"Rad" from the outset feels a bit like a cheesy sequel to a 1980s movie that never happened. This time, the setting isn't post-apocalyptic. It's post-post-apocalyptic--bigger, better and with even crazier mutants. Imagine the tagline: It's the "Rad" you knew and loved but now more radder.
Coming from the Bay Area's recent Microsoft acquisition Double Fine Presents, "Rad" is steeped in the studio's penchant for corny but biting humor, which has long been one of the developer's chief selling points. Light touches, such as ATM machines still requesting member status even when the world has gone to hell, are worth a laugh, as are in-game "Respirators," giant machines designed to grow grass and plants in an effort to reengineer life rather than change habits.
Welcome, too, are the light nods to humanity's inability to act with reason in the face of climate change. No, it's not exactly "Snowpiercer," but "Rad" uses its '80s-era aesthetic to have fun with that period's obsession with radioactivity-induced abnormalities.
So far after a few hours with the game, I've only uncovered a few of the 90 or so randomly generated mutations listed by the game's menu, such as the vampire-like power to use others' wounds for health, the ability to turn my arm into a fireball-inducing flamethrower and the bonus of my sweat turning into toxic sludge that will stop the insect-like outsized monsters who are coming after me. For the latter, expect to encounter some neon-blue roaches (they're plentiful), gelatinous blobs that adapted to extreme heat by learning how to live off magma and the evolution of tiny skin parasites into enormous, spiky-haired crabs.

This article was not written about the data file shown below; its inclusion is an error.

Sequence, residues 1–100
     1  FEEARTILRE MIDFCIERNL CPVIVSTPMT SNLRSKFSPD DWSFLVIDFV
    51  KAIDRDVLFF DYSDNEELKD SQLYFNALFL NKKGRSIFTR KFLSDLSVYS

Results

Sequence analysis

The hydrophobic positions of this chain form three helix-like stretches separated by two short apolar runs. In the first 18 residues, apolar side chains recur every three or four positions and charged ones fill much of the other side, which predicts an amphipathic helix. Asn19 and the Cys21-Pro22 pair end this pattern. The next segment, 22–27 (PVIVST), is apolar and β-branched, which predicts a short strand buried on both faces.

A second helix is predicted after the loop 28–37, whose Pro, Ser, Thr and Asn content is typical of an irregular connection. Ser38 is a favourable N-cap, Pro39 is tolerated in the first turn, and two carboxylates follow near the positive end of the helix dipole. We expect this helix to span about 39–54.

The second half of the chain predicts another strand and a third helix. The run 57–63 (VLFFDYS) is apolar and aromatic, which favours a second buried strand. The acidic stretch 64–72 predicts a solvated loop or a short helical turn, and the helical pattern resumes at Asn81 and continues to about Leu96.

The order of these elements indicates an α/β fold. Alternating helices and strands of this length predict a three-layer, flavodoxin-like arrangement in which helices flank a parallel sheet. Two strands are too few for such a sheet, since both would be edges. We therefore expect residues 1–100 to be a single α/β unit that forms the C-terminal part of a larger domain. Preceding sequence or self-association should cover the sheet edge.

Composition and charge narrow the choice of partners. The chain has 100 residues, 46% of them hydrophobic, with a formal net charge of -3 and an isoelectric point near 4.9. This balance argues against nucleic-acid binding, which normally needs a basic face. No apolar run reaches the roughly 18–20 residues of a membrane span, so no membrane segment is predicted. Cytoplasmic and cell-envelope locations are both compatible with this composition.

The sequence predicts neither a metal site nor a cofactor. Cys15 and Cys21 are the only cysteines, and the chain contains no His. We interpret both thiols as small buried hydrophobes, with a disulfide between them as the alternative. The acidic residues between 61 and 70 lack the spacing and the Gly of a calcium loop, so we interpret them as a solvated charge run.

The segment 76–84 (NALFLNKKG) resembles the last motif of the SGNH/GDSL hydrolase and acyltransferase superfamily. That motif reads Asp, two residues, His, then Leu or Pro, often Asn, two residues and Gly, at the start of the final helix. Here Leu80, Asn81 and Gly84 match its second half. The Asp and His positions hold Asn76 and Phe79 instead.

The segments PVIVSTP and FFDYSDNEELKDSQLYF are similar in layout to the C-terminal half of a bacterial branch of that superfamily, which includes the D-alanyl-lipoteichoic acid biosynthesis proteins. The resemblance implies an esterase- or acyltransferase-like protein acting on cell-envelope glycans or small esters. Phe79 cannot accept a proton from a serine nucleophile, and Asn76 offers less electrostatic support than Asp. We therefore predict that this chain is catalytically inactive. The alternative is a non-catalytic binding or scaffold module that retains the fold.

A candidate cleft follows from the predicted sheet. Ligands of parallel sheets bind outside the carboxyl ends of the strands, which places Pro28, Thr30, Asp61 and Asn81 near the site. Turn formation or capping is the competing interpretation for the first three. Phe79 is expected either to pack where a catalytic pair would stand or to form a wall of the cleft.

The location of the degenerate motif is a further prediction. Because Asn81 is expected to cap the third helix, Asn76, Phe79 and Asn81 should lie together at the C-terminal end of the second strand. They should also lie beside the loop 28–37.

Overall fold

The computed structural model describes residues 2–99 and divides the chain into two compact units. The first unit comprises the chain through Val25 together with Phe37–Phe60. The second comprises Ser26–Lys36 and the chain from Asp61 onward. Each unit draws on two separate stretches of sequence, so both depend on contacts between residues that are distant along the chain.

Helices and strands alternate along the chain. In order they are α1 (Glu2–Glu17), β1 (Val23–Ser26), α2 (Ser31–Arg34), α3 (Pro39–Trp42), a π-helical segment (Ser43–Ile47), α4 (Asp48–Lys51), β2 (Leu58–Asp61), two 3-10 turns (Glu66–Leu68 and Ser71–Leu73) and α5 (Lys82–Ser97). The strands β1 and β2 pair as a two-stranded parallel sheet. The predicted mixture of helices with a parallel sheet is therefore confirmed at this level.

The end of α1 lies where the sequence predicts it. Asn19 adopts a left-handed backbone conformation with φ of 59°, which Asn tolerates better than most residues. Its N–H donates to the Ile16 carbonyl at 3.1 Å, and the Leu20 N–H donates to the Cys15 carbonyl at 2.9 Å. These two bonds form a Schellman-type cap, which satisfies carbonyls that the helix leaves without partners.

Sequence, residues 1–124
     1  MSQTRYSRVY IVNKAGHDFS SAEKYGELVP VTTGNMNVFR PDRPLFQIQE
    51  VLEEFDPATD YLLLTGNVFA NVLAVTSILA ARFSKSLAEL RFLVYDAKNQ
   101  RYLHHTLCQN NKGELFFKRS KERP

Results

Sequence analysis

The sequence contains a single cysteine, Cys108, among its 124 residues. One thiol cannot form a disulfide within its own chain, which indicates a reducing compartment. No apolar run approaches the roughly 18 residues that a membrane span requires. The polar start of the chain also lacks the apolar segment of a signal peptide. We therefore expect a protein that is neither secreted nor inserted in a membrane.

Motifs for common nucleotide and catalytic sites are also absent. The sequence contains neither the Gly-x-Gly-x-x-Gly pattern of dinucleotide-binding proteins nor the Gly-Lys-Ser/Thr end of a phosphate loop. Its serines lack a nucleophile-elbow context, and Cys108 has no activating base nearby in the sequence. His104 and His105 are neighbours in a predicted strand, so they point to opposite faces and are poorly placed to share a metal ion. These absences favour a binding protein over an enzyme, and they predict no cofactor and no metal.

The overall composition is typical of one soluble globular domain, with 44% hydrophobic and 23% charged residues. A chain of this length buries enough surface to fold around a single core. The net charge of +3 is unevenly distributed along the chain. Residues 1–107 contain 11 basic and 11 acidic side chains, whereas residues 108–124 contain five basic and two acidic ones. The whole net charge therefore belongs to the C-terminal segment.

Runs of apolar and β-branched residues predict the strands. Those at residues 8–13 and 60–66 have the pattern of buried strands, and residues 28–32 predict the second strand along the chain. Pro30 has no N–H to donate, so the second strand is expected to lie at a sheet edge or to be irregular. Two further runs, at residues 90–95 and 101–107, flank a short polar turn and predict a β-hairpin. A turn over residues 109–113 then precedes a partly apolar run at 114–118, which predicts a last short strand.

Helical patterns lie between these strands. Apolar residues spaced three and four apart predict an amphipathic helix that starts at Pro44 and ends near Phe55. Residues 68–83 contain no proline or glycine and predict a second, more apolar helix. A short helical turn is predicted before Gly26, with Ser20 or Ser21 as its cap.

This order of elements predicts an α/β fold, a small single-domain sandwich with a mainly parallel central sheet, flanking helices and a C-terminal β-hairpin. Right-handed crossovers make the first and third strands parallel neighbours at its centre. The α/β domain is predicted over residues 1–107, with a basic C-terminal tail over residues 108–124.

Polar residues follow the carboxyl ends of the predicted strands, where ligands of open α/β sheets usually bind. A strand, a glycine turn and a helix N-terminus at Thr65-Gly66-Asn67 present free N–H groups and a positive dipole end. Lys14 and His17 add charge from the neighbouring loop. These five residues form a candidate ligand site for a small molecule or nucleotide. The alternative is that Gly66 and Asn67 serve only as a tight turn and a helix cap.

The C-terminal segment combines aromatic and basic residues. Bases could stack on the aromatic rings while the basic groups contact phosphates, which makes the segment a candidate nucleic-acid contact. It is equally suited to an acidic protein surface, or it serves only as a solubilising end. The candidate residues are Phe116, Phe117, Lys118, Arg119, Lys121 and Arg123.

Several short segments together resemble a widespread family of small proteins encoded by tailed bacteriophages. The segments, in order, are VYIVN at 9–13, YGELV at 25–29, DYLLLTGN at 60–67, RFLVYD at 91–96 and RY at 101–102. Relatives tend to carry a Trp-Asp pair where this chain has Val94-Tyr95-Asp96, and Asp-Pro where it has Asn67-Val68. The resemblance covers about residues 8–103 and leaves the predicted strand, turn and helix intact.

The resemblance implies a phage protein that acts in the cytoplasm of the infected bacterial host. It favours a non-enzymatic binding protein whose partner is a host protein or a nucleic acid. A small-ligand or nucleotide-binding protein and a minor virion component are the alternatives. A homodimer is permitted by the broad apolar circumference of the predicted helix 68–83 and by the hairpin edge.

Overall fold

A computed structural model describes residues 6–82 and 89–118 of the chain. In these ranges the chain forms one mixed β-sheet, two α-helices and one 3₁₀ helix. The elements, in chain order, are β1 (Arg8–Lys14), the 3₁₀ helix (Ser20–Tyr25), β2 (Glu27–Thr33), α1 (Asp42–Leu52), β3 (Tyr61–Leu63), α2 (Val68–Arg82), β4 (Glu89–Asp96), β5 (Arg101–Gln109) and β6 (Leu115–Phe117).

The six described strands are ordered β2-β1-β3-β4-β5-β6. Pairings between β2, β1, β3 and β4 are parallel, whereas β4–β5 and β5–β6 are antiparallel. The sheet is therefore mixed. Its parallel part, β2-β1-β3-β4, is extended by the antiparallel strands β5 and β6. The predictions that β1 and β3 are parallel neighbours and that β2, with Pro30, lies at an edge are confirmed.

At the outset, we're allowed to choose from a host of preset '80s-inspired characters; I went with the "Valley Girl." Everyone's weapon of choice seems to be a baseball bat. Die and the world resets, putting our trusty teenage hero at the start to venture back into the wasteland on a mission to restore life and power. Each map, which we view from above, is regenerated at random, and the worlds are, impressively, drastically different from run to run, with obstacles to bat or jump over and encounters with weirdos, such as the dude who gives a beer (it restores life, of course).
Though I wasn't excited to travel back to the '80s yet again, it's clear that "Rad" didn't choose this era at, well, random. In terms of recent history, the '80s increasingly feel like a pivotal moment, when the difference between the haves and the have-nots became more obviously pronounced and when growing awareness around climate change --the well-publicized discovery, for instance, of the increased threat to the ozone --wasn't met with the necessary action.
An underlying theme of "Rad" is to leave the problems for the next generation to solve, and the kids, as the game progresses, start to wonder why the elders have nice homes compared with their tattered tents. Why, indeed, when the older generation is the one that messed up this whole planet?
As this awareness creeps into the game, you probably don't want to be on the receiving end of the ire of the age group that has evolved to shoot fireballs out of its arms.
This article is written by Todd Martens from The Los Angeles Times and was legally licensed via the Tribune Content Agency through the NewsCred publisher network. Please direct all licensing questions to firstname.lastname@example.org.